I’ve just come back from a meeting of the charity trustees I work with, trying to set up a community chaplaincy project in South London. This has been an interesting venture for me. I was invited to get involved, and initially did so because I thought it might mean some CV points. I bring my own point of view to the objectives but I buy into them enough that I was prepared to give it a shot.
The work has not always been easy, and I’ve had moments of thinking I might quit. But today we had a big fillip – some news that we had secured most of the remaining shortfall in funding to keep us going over three years. I wrote the application and others held the meetings. Good teamwork, and as we said this evening, the hill is now crested in terms of getting the project up and running. It has taken a year, but with a couple of loose ends to tie, we can soon start writing job advertisements and looking for the employee and the office equipment all this money is going to pay for. Achievements – things you have worked for – are the pros of being involved in a venture.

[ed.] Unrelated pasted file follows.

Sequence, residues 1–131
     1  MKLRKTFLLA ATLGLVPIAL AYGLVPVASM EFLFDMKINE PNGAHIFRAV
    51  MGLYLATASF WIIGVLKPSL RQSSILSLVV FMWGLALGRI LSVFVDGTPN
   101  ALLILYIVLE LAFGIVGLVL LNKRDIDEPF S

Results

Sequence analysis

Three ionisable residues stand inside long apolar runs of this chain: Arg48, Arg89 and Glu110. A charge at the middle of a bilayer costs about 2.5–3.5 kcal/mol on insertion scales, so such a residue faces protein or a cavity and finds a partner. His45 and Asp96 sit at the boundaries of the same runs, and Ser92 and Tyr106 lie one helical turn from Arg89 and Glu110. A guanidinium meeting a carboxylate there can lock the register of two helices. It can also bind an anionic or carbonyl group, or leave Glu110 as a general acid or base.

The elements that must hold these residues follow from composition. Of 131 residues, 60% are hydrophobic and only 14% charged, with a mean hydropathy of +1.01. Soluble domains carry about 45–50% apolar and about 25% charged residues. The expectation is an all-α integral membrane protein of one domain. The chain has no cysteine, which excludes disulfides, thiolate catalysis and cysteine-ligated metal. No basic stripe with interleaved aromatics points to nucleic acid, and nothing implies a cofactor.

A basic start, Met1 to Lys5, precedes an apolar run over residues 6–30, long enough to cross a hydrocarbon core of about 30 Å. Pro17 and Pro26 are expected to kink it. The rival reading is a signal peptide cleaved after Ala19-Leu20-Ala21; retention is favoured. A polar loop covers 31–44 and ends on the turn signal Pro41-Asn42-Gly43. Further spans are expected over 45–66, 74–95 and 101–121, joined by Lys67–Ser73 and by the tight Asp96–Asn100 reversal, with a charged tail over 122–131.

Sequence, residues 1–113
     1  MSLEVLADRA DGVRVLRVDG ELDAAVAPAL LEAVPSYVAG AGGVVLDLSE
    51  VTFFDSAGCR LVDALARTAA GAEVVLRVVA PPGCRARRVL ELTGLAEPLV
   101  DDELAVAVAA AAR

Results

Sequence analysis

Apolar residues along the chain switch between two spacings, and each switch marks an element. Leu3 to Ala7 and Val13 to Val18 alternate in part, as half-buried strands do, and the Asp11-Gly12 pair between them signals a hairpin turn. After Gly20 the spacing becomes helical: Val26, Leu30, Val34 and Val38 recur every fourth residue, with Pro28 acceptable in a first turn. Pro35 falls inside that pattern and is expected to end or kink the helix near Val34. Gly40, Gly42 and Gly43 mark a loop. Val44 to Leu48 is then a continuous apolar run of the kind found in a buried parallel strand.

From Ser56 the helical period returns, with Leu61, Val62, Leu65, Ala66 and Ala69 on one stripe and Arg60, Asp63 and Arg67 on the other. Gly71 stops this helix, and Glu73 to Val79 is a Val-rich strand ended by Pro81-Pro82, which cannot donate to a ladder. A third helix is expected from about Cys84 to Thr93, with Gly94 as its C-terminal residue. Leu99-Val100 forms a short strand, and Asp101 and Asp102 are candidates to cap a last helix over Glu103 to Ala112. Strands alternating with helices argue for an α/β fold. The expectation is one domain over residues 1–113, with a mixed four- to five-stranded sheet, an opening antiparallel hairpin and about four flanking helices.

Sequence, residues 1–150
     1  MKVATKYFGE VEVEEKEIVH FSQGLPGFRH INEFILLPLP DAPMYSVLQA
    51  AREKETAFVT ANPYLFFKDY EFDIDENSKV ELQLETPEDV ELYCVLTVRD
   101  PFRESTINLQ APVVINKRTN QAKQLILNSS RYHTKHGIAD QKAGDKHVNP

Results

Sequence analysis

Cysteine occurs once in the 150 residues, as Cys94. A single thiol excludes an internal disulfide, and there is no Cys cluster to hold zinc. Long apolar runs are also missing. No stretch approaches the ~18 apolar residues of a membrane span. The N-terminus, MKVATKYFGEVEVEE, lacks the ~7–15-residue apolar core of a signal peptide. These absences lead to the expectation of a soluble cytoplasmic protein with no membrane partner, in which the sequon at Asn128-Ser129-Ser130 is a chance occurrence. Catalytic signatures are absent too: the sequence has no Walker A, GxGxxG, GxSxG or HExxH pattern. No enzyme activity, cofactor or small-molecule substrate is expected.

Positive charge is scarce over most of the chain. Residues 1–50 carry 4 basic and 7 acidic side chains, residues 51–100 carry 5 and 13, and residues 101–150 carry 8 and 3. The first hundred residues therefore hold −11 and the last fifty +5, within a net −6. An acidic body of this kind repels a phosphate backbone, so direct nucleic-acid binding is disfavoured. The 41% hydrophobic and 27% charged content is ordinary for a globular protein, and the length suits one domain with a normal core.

But when you have brought a form of life or order into the world, you start to realise the cons. There are no laurels to rest on. Achievements bring more work. And no sooner had we enjoyed our mulled wine and mince pies to celebrate the news (which arrived in today’s post, with perfect timing) than we were down to a frank and somewhat tetchy discussion of what had to be done next. This had the following flavour: “Oh God. What have we done? Now we have to do that! Who’s going to do that? When are we going to do that by? JUST HOW ARE WE GOING TO DO THAT?!”
In the end, all will be well. When there are committed people, a will to get things done, and experience in place, things will get done and entropy will be held at bay. But things that you create aren’t only achievements; they are responsibilities and sources of work and (occasionally) irritation too. The fact that a problem solved merely brings another problem is what makes it worth solving. Achievements are only worth it if they are hard-won and temporary.